Professional Development

In addition to the TeachMeet post I responded to a post by Colin Becker, a new blogger (not that I’m that long in the tooth).

Colin questioned Professional Development looking at the possible use of blogging as a means to generate accountability in PD. I think he has a good point. In England we have Professional Reviews each year where we set targets at the beginning of the year and then meet with line managers to discuss how we met those targets at the end of the year. Blogging PD would be a good target for any teacher.

The whole idea of PD (CPD in the UK) needs reviewing and I think that is happening in some ways. The conclusion is going to be some kind of online network or blog or community. But this is going to be a long time in the making.

If I were a Headteacher, I think I might use your idea and ask my staff to create a blog detailing their PD for the year, or their time at that school. It is a great starting place for accountability. Currently, it seems to me, thousands of pounds are wasted each year on little day trips with nice lunches. But even where the PD courses are good it would be excellent practice to see a blog post about what was learned and how it might help others in the school etc.

I am expecting Professional Development to change on a large scale in the next decade, but for me, right now, I have changed my PD by using the web to develop my PLN (Personal Learning Network) using essential tools:

  1. Twitter
  2. Diigo
  3. Podcasts
  4. Blogs
  5. MirandaMods
  6. Ning networks
  7. EdTech RoundUp

More about developing a PLN in a future post.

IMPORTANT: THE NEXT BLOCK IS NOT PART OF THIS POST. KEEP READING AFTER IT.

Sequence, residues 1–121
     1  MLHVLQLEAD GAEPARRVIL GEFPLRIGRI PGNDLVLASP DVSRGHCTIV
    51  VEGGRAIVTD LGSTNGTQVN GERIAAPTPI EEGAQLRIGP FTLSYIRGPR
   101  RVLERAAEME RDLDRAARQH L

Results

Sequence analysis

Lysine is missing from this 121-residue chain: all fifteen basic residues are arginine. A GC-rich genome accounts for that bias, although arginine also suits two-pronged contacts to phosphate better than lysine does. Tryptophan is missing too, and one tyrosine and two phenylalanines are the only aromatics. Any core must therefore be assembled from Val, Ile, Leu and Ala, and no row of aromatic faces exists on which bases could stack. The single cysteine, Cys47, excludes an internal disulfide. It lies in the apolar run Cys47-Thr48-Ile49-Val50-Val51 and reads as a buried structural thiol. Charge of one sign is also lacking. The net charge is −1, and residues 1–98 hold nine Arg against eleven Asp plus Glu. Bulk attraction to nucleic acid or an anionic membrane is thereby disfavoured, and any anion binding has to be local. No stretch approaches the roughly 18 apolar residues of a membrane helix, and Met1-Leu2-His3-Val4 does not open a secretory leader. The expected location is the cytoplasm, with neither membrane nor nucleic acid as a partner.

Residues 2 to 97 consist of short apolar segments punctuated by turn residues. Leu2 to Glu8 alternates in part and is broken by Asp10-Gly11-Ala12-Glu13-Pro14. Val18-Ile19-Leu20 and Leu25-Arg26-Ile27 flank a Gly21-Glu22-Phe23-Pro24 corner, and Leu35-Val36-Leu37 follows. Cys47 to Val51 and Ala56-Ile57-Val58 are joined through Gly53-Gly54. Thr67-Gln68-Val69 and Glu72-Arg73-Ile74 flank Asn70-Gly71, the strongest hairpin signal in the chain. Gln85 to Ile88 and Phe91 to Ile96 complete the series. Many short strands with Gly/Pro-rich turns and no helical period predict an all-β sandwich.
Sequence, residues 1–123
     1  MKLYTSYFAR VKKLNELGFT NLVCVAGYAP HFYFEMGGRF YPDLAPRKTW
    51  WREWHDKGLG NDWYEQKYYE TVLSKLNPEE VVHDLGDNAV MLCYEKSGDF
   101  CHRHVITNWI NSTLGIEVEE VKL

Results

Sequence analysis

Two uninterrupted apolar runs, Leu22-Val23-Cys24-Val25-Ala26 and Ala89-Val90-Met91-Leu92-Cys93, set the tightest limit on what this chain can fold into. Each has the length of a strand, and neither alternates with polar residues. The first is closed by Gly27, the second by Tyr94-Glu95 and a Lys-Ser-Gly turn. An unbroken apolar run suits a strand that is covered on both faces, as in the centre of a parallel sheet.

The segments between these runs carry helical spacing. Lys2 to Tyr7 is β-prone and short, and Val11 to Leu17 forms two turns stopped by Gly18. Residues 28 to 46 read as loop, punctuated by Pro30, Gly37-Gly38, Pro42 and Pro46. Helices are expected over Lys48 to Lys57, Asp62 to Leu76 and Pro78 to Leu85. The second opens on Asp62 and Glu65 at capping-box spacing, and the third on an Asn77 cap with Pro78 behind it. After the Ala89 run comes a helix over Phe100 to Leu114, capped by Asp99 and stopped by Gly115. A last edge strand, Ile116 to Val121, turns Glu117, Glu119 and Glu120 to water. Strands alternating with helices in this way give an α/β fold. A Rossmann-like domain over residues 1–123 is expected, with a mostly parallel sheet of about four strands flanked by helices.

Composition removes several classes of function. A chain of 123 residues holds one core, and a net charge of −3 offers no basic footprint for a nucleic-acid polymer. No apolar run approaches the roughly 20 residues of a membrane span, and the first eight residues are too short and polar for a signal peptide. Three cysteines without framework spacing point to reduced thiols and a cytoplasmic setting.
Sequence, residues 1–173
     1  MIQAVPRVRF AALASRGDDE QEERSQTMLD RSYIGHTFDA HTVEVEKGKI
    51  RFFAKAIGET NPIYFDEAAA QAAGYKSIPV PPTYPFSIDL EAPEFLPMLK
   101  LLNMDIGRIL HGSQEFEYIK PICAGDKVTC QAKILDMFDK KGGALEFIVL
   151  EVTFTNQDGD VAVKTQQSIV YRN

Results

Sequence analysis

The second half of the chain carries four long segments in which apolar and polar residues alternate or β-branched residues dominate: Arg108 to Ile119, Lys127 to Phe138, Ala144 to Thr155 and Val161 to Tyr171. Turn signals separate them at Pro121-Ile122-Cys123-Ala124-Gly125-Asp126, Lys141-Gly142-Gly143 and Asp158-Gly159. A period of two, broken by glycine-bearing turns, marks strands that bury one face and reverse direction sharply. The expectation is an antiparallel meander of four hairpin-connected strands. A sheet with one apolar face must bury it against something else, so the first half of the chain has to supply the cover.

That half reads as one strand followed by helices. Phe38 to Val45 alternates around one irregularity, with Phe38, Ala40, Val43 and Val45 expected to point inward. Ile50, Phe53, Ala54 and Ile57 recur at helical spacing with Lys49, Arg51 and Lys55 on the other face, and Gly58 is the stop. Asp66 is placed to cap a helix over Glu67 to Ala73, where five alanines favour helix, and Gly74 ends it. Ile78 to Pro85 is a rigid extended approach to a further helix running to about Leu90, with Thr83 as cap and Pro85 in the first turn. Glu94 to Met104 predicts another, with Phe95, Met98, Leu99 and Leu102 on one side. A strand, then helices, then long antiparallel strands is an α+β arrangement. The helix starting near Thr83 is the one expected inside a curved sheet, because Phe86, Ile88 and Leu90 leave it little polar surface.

Professional Development

2 thoughts on “Professional Development

  1. Pam Thompson says:

    Accountability for PD seems to be a problem everywhere. I think the idea of a blog to reflect/record PD is an excellent idea, but I think we have two obstacles to it. One is that, unfortunately, there are still many teachers who question the point of PD and see it more as an opportunity for those “day trips”, and two, the resistance to put time and effort into something like a blog (probably the same people come to think of it). Still, if we chip away and get more teachers to see the value of blogging and search our relevant and practical PD we’re heading in the right direction.

  2. daibarnes says:

    Thanks for commenting Pam. I agree with what you say but I think there is a possibility that some of those we think might resist will have an opportunity to impress their colleagues and their Headteacher(s). I can think of many teachers in my school who might engage with blogging if they felt it was being read by others. Not necessarily the cynics and skeptics, but certainly some who are not online with their teaching….yet.

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